Tom Holland takes up the webslingers as your friendly neighbourhood Spider-ManSONY PICTURES RELEASING

Spider-Man holds a unique place in cinematic culture. Over the past 15 years, audiences have been offered three different iterations of the character across six feature films. Spider-Man: Homecoming, starring Tom Holland as Peter Parker, comes just three years after Andrew Garfield played the part in The Amazing Spider-Man 2. Thankfully, this dynamic reboot has earned its place in the pantheon of great superhero movies.

“Michael Keaton can steal every scene he’s in with a twitch of his mouth.”

What Homecoming really knocks out of the park is the focus placed on Parker’s civilian life, in this case as an awkward teenager. On a basic level it is important that, as a member of the audience, you feel that you could be Spider-Man, too. The joy, exhilaration and anxiety of having a secret alter-ego are all captured perfectly in the script and by Holland’s energetic performance. Most importantly, we feel Parker’s vulnerability and can honestly believe that his life is in danger. This is both satisfying and true to the comics, which often deal with his failures.

Holland’s Parker also inhabits a world that is refreshingly realistic. Jacob Batalan, Laura Harrier, Zendaya, Tony Revolori, and Donald Glover all contribute to a diverse and stunningly talented supporting cast. Flash Thompson, played by Revolori, feels emblematic of the step forward Homecoming has taken. He is usually portrayed as a 1950s-era physical bully, but here is merely taunting and is eventually shown to be weak.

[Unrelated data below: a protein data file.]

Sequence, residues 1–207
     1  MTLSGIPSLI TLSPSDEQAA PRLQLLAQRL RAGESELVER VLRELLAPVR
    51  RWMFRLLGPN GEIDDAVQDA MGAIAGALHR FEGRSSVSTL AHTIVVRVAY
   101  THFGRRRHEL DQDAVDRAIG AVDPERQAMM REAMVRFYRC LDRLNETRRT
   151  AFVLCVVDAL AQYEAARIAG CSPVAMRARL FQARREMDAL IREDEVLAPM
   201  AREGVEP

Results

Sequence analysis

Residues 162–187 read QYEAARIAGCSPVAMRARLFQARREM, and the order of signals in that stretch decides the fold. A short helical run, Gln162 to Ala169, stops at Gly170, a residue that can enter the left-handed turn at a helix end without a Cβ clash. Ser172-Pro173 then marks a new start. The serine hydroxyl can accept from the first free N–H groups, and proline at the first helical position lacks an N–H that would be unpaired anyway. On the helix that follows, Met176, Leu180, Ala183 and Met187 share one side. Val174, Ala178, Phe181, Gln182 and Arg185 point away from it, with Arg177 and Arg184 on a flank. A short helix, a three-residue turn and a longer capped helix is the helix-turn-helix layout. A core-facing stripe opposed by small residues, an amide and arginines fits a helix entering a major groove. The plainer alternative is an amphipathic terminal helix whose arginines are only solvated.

Devotees of the Marvel Cinematic Universe (MCU) will also be rewarded with a film which gently makes reference to the wider world without feeling overly-peppered with adverts (see Avengers: Age of Ultron). With a staggering 15 other films inhabiting the MCU alongside Homecoming, a certain cameo feels completely earned, and references to the Chitauri invasion from Avengers Assemble are justified and actually make the film more believable.

“Michael Giacchino’s efforts are barely perceptible and make no attempt at rivalling Danny Elfman’s classic theme from Raimi’s films.”

MCU films have famously struggled with their antagonists, often opting for last-minute twist villains that leave a hollow feeling. Michael Keaton’s portrayal of the Vulture, however, elevates Homecoming considerably. Keaton can steal every scene he’s in with a twitch of his mouth, and a quiet confrontation with Holland is probably the best moment in the entire movie. The Vulture is not usually considered one of Spider-Man’s best opponents, but he works so well in this case because he keeps the scale of the threat relatively small and local. He also provokes thoughts about how the existence of superheroes creates that of supervillains, a theme the MCU has been developing since Age of Ultron.

Where Homecoming lacks somewhat is in its symbolic power. This is especially true when it is compared to Sam Raimi’s Spider-Man 2, usually considered the benchmark for Spidey’s cinematic appearances. Although the Stark-designed suit of Homecoming is by far the most satisfying version yet, it feels as though visually more could have been made of the iconic place in comic book culture that this superhero holds. This could have been greatly aided by a moving score, but Michael Giacchino’s efforts are barely perceptible and make no attempt at rivalling Danny Elfman’s classic theme from Raimi’s films.

Nevertheless, this is a thoroughly entertaining film which pays fan service while remaining a self-contained coming-of-age story. Tom Holland’s Spider-Man is jubilant and has the potential for a very successful run of films

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